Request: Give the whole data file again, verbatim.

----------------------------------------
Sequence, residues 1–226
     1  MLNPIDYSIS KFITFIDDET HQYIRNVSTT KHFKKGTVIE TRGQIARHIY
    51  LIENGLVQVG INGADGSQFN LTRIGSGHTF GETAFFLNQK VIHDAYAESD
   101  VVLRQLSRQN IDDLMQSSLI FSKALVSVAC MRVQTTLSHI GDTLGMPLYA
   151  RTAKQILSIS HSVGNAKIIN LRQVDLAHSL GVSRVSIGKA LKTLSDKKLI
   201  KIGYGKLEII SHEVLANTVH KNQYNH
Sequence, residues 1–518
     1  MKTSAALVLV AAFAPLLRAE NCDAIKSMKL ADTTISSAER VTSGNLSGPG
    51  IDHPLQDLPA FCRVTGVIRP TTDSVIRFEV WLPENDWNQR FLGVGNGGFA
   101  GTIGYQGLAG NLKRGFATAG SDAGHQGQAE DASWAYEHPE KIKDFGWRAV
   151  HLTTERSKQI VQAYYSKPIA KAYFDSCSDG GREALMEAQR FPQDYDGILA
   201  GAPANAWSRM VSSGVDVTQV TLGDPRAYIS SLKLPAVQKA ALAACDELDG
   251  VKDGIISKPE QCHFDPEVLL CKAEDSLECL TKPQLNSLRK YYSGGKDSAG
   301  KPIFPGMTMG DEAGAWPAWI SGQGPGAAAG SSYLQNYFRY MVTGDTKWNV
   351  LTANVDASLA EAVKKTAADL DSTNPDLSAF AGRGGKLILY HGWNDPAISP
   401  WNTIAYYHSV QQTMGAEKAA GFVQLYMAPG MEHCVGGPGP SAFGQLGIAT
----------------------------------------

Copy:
Sequence, residues 1–226
     1  MLNPIDYSIS KFITFIDDET HQYIRNVSTT KHFKKGTVIE TRGQIARHIY
    51  LIENGLVQVG INGADGSQFN LTRIGSGHTF GETAFFLNQK VIHDAYAESD
   101  VVLRQLSRQN IDDLMQSSLI FSKALVSVAC MRVQTTLSHI GDTLGMPLYA
   151  RTAKQILSIS HSVGNAKIIN LRQVDLAHSL GVSRVSIGKA LKTLSDKKLI
   201  KIGYGKLEII SHEVLANTVH KNQYNH
Sequence, residues 1–518
     1  MKTSAALVLV AAFAPLLRAE NCDAIKSMKL ADTTISSAER VTSGNLSGPG
    51  IDHPLQDLPA FCRVTGVIRP TTDSVIRFEV WLPENDWNQR FLGVGNGGFA
   101  GTIGYQGLAG NLKRGFATAG SDAGHQGQAE DASWAYEHPE KIKDFGWRAV
   151  HLTTERSKQI VQAYYSKPIA KAYFDSCSDG GREALMEAQR FPQDYDGILA
   201  GAPANAWSRM VSSGVDVTQV TLGDPRAYIS SLKLPAVQKA ALAACDELDG
   251  VKDGIISKPE QCHFDPEVLL CKAEDSLECL TKPQLNSLRK YYSGGKDSAG
   301  KPIFPGMTMG DEAGAWPAWI SGQGPGAAAG SSYLQNYFRY MVTGDTKWNV
   351  LTANVDASLA EAVKKTAADL DSTNPDLSAF AGRGGKLILY HGWNDPAISP
   401  WNTIAYYHSV QQTMGAEKAA GFVQLYMAPG MEHCVGGPGP SAFGQLGIAT